Aphorisms by Charles Simic
This just in from Jim Finnegan, proprietor of the ursprache blog: “Charles Simic was born in 1938 in Belgrade, Serbia (Yugoslavia at the time). His family came to the U.S. in 1954 and settled in Chicago. He has published numerous books of poetry and critical prose, and has won major awards for his poetry, a Pulitzer Prize, MacArthur Foundation ‘genius grant’, and the Wallace Stevens Award, among others. He has keen eye for the unusual poetic image and the expressiveness of everyday circumstances. Inflected by philosophical notions and the darker aspects 20th-century history, his poetry has an easy way of blending the profound and comic. In 2008 he published a collection of his aphorisms, The Monster Loves His Labyrinth (Ausable Press, 2008).” A selection of aphorisms from The Monster Loves His Labyrinth:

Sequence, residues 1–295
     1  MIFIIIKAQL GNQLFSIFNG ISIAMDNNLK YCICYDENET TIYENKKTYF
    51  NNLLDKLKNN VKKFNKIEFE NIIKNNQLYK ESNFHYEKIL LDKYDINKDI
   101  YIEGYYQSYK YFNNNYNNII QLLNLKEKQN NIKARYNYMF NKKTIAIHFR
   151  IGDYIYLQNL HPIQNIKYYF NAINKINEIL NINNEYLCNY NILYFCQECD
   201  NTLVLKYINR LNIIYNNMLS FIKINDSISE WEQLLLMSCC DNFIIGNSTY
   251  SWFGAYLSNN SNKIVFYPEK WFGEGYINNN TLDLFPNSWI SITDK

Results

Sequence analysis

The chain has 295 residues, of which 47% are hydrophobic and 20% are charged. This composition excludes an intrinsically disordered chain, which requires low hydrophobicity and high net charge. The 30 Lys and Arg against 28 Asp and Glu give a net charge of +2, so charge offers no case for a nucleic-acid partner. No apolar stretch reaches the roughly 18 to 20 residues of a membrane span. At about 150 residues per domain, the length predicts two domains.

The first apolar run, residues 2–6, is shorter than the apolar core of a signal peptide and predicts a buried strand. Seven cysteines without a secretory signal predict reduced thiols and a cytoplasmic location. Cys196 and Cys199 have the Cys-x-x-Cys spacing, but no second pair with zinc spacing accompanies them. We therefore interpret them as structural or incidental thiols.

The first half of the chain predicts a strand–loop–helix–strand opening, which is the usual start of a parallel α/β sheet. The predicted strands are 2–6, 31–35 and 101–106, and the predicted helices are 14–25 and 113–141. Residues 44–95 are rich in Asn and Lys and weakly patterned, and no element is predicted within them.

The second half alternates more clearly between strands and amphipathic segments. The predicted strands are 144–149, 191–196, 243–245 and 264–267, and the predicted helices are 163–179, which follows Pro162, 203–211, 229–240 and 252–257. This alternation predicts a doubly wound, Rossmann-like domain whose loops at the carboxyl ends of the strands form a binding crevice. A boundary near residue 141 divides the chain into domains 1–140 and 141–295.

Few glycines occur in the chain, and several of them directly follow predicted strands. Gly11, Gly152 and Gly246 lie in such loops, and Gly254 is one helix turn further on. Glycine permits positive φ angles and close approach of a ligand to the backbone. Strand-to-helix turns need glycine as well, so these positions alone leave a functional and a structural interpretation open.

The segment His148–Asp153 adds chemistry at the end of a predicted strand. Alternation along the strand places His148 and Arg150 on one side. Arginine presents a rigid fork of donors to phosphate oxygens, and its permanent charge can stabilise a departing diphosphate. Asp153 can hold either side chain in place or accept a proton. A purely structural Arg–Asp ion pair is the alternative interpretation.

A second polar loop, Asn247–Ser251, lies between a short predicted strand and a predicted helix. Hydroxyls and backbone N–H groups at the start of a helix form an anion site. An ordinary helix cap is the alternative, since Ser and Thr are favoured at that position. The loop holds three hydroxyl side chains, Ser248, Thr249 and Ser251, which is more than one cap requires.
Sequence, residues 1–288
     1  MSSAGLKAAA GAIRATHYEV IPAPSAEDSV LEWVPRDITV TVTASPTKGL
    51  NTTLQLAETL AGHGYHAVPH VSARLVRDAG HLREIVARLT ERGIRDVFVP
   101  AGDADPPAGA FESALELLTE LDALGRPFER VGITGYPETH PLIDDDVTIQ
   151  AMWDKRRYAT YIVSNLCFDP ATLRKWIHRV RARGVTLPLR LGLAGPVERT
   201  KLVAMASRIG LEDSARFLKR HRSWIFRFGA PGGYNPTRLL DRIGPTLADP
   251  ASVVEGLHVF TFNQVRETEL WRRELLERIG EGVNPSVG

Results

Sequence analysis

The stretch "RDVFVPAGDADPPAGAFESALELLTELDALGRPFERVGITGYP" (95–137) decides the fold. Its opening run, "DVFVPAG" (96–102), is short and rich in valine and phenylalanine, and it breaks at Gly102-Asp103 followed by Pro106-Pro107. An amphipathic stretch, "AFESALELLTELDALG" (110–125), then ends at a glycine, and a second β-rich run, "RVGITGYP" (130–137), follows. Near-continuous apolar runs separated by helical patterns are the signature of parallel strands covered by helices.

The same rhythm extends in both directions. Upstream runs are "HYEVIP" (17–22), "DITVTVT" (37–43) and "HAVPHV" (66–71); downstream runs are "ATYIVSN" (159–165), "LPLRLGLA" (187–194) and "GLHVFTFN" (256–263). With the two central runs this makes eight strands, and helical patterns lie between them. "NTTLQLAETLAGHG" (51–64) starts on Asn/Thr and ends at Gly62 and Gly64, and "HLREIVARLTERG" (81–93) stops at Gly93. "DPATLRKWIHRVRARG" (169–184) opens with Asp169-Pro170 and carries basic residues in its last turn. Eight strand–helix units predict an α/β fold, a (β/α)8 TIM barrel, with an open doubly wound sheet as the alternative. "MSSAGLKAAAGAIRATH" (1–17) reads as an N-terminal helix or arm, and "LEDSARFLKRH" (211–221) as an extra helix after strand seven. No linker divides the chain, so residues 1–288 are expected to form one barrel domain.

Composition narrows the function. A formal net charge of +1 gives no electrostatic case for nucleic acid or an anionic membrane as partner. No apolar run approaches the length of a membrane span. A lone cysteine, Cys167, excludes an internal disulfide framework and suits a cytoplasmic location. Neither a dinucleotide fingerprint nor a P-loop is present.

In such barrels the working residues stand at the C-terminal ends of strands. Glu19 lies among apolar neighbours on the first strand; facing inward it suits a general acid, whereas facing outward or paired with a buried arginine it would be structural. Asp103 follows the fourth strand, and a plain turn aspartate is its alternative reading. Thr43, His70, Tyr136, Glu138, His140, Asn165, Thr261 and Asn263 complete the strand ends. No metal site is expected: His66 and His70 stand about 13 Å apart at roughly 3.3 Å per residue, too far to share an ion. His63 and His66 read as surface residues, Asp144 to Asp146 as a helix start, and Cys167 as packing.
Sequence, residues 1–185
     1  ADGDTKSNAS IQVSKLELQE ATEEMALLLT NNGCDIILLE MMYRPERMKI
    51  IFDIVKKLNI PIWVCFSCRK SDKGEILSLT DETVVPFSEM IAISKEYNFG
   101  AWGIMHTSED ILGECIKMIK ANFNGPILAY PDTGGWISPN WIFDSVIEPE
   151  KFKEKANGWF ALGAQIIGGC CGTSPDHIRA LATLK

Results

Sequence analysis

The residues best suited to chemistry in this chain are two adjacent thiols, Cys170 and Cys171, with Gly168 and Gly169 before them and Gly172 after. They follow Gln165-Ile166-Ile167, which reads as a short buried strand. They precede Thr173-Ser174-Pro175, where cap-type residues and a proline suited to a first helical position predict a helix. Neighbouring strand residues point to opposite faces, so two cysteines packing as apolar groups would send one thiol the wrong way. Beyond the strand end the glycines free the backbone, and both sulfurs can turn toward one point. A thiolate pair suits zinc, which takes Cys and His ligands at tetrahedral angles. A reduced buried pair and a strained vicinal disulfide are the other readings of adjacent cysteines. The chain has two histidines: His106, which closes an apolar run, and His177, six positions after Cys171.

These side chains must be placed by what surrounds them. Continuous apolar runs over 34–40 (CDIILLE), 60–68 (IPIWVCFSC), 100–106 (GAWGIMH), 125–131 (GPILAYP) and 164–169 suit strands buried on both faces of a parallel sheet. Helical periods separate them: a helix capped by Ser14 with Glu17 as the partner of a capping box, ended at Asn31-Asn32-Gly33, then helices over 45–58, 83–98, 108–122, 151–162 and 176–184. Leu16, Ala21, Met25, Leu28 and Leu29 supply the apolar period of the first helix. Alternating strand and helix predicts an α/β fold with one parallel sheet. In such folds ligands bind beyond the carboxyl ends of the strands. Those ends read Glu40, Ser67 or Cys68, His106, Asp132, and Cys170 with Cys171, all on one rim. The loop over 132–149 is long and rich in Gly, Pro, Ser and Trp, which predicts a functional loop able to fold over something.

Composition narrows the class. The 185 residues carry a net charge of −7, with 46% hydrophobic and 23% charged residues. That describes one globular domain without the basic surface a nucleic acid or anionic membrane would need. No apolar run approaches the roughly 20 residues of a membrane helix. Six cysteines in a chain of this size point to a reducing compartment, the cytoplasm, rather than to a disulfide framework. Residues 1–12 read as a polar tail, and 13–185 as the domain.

The new American Dream is to get very rich and still be regarded as a victim.
The infinite riches of an empty room. Silence makes visible what now appears to be the most interesting grain of dust in the whole world.
Being is not an idea in philosophy, but a wordless experience we have from time to time.
Consciousness: this dying match that sees and knows the name of what it throws its brief light upon.
We live in the nameless present convinced if we give things names we will know where we are.
Everything, of course, is a mirror if you look at it long enough.
Check out ursprache for more of Jim Finnegan’s musings…